Formerly known as "Cruzers in Korea"

Tuesday, December 22, 2009


Tuesday, December 22, 2009
It was a sad week in the Cruz household. Our dog Fred fought the good fight but went to sleep for the last time on the 19th of December. He lived to the ripe old age of 15 years and 7 months. We were very fortunate to have him that long. It's kind of a tough thing to talk about for those that aren't dog lovers. How can you explain that special bond if you haven't experienced it yourself? Fred really was a best friend to our entire family. He was our first child and CJ's watcher and big brother for many years.

We wish we could've taken him to Korea with us. Had we known his health would deteriorate like it did this past year, we would've done just that. We were extremely fortunate to have my brother Alan, his wife Danita and their kids, Joel and Jena take such great care of Fred in Virginia during our absence. Little did we know how difficult this undertaking would be.

This is one of my favorite pictures of Fred. We got him from an animal shelter in San Diego shortly after Carol and I were married. I usually favor large dogs but our landlord at the time said he would allow us to get a small or medium dog. So off to the pet shops and animal shelters we went. I would visit the local animal shelters at least twice a week in search for our future pet. On a repeat visit to one of the shelters, I saw that almost all of the cages were empty and had red plastic roses on them. I asked them about all the dogs that were there just a few days ago and about the roses but already knew what the answer was. Because of space, they had to periodically euthanize all of the animals. It was then and there that Carol and I decided that we were not going to buy a dog from a pet store. The right thing to do was to save a dog from a shelter.

So one day at a shelter in Chula Vista, Carol and I see a little white dog with a brown head. Carol thought he was an old dog. I thought, woman, are you crazy? That's obviously a puppy. They told us that this dog was found at a school playing with a bunch of children. We put our names down to adopt this nameless white dog. Unfortunately, two other people had beaten us to the punch. I decided to push the issue. The shelter folks said that the two people who had dibs on this white dog each had a 30 minute block to claim the dog. If they didn't show up during their time blocks, they forfeited their rights to the dog and the next person would have a turn. We got our time slots as the third people in line and hoped for the best.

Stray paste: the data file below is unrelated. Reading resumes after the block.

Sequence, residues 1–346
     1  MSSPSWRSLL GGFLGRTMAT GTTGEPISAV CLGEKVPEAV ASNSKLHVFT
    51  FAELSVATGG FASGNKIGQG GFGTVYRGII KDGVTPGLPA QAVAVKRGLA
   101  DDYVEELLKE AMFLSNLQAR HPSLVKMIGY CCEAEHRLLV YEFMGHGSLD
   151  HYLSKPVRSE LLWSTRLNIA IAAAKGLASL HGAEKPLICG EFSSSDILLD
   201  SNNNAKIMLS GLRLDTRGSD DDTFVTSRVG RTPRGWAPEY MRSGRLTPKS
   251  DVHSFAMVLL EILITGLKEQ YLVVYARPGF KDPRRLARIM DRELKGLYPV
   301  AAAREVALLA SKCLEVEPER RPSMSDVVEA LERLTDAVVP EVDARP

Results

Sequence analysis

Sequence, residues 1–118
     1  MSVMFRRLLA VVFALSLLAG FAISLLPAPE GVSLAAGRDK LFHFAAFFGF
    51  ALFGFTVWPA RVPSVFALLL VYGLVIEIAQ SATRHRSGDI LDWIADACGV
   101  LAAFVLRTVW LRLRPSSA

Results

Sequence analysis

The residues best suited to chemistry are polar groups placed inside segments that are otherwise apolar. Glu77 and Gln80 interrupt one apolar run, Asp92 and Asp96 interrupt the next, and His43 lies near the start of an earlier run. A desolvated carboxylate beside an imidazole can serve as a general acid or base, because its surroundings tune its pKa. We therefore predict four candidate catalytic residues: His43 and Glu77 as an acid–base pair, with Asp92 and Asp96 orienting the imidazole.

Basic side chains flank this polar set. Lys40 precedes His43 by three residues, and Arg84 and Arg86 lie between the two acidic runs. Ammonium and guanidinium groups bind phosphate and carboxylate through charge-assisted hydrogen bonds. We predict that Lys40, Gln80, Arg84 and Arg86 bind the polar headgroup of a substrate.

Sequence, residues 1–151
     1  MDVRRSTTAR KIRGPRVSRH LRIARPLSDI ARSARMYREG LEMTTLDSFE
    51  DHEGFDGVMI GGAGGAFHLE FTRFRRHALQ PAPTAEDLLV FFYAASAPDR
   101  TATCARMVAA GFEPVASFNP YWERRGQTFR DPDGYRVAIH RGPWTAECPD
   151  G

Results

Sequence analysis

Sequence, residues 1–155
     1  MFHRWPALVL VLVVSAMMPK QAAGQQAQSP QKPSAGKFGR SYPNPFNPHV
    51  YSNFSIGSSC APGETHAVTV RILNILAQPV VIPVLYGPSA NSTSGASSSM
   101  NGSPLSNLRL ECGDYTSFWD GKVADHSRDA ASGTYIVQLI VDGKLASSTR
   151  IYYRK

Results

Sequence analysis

The day finally came to pick up the little white dog. Or at least try. I went to the shelter bright and early. Well, the first 30 minute block came and went. The first person was a no-show. Oh man, I just might have a shot here. The second person in line actually called the shelter and said they wanted the dog but that they might be late. Long story short, their time block elapsed too. Fred was now ours! So that's how the little guy entered our lives.

Here's Fred with his shelter tag still on. We named him Fred because he looked like a Fred. This kinda complicated things when my Dad would visit because his name is also Fred. We didn't want to insult my Dad with the same name thing so we came up with the bright idea to call Fred "Red" when my Dad was around. The gig was up when Dad started to answer to "Red" too.

Here he is less than a year old in San Diego.  Fred is a Jack Russell Terrier and Corgi mix.  Smart as a whip and full of energy.  Jack Rusells have apple shaped heads and Corgis have barrel chests.  Fred ended up with both.

This is from Fred's first birthday party. Carol and Fred stayed at Martin and Amy's house in Alabama during my first deployment. This is where we discovered that Fred was an escape artist, hence the name, Freddy Dufresne Cruz, after the main character in Shawshank Redemption. There was a fenced area outdoors that Fred would climb over like a monkey. Despite those short appendages, there weren't too many places that he couldn't escape from. Even after escaping, he wouldn't go very far. I guess he just liked his freedom.

Here's his birthday "cake" made of ground beef. Meat cakes are probably one of the reasons why he never went very far after escaping from the pen. Like I said, he was a smart dog.

Okay. So now you're probably thinking we're some of those crazy dog people. You're probably right.

This was our first house in Jacksonville, Florida. Fred loved this place because of the nice walks, a big yard and the enclosed sunroom that he spent most of his time in. If you look real close, you can see Fred's apple head near the bottom of the door.